A physiological phenomenon called alternation complicates utilization of the IS method for MUNE. The alternation phenomenon occurs because activation thresholds of nerve axons often overlap. FIG. 3 illustrates this phenomenon. More particularly, FIG. 3 depicts the probability of motor neuron axon activation as a function of the stimulus strength. It can be seen that motor units MU1 and MU2 have a large common range of activation threshold with varying probabilities. Now consider the following scenario: an initial recorded response is attributed to motor unit MU1, and a subsequent stimulus leads to a response different from the first one. The second response could be the result of both motor units MU1 and MU2, or it could be the result of motor unit MU2 alone. This second condition is sometimes referred to the alternation, as two distinct motor units alternate their activations. If the alternation is not recognized and the difference of the two responses is considered as the SMUP of MU2, the response of MU2 will be under-estimated. Consequently, the MUN will be over-estimated. Indeed, the IS method often results in over-estimating the MUN in comparison with other MUNE methods.

The IS method is carried out manually by an expert. Recognizing the potential pitfall of alternation, the expert often spends a significant amount of time to determine whether the changes observed in the most recent response are due to alternation or activation of a new motor unit. If alternation involves n motor units, a maximum of (2n−1) alternation waveform patterns exist. For n>2 (e.g., motor units 3, 4, and 5 in FIG. 3), determination of the alternation pattern can prove to be a challenge too great for any human operator. Even without the complication of alternation, it is possible that electronic and physiological noise could also be mistaken as new motor units.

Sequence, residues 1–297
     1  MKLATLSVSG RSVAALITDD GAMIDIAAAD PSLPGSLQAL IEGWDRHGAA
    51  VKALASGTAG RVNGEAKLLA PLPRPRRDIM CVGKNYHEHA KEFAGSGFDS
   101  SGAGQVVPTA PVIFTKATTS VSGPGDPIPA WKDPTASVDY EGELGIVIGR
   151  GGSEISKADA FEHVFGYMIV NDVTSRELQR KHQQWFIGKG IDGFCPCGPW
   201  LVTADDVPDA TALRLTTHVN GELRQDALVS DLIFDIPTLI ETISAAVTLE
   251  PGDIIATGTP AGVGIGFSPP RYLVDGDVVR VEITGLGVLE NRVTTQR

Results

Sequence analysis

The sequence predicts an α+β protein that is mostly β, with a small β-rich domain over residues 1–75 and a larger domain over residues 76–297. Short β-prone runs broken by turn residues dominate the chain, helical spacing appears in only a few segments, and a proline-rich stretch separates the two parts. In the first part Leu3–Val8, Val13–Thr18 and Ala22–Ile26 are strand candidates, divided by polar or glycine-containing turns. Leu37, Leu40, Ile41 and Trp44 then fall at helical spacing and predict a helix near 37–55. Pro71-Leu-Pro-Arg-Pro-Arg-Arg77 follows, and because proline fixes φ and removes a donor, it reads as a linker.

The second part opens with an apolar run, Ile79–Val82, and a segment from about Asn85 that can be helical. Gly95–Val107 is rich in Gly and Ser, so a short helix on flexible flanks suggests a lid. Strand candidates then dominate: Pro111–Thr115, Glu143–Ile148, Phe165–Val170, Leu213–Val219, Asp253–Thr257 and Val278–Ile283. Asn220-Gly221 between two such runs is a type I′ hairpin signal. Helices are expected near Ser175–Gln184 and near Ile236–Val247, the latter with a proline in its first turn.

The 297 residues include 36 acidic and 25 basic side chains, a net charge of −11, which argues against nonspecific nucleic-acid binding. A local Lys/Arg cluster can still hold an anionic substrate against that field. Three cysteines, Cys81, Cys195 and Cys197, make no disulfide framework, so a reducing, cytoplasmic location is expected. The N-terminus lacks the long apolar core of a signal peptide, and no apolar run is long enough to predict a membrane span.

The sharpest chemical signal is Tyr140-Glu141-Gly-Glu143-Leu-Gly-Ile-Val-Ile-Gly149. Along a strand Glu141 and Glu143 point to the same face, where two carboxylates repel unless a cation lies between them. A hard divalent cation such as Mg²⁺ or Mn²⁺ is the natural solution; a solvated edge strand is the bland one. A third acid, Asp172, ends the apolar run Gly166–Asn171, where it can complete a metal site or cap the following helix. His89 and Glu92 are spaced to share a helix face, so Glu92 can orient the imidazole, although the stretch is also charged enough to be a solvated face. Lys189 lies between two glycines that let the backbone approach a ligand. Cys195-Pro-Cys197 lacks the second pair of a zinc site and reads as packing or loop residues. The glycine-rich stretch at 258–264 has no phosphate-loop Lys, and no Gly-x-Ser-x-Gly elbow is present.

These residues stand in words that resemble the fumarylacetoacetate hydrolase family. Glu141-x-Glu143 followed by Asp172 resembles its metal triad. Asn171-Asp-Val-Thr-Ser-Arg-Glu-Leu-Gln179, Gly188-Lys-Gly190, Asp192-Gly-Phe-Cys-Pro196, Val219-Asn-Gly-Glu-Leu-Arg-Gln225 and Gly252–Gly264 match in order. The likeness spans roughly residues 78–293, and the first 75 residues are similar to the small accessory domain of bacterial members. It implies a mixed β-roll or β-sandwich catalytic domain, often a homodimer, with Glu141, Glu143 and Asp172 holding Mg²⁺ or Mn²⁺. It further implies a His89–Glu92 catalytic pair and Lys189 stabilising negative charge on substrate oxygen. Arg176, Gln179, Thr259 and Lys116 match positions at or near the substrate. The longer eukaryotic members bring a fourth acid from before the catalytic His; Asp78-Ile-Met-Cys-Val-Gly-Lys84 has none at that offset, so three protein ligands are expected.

Multi-Point Stimulation (MPS). To sidestep the complexity of sorting out motor unit alternation patterns, the multi-point stimulation (MPS) method was developed. With this approach, multiple stimulation sites along the nerve axon path are used. For each stimulation site, a stimulus with an intensity low enough to activate only one motor unit is used and the response is recorded as SMUP. The stimulating electrode is then moved slightly along the axon path and the process is repeated. Often the responses are thereafter manually examined, and only those responses with different morphology and amplitude are accepted. This is to ensure that distinct motor units are sampled. Because each SMUP is obtained with a different latency (i.e., with a different nerve impulse traveling time from stimulator to detector), the SMUPs should not be combined directly to obtain a representative SMUP for determining the size of average SMUP. Instead, the feature of individual SMUP (e.g., amplitude, negative peak area, etc.) has to be calculated first and then averaged with other individual SMUPs. However, the SMUP feature obtained using this approach is generally inferior to the feature obtained from the averaged SMUP. This is because the feature may not be additive (i.e., the amplitude of two SMUPs added together is smaller than the summation of the two SMUP amplitudes, unless the peaks are aligned perfectly in time). This phenomenon may lead to under-estimation of the MUN.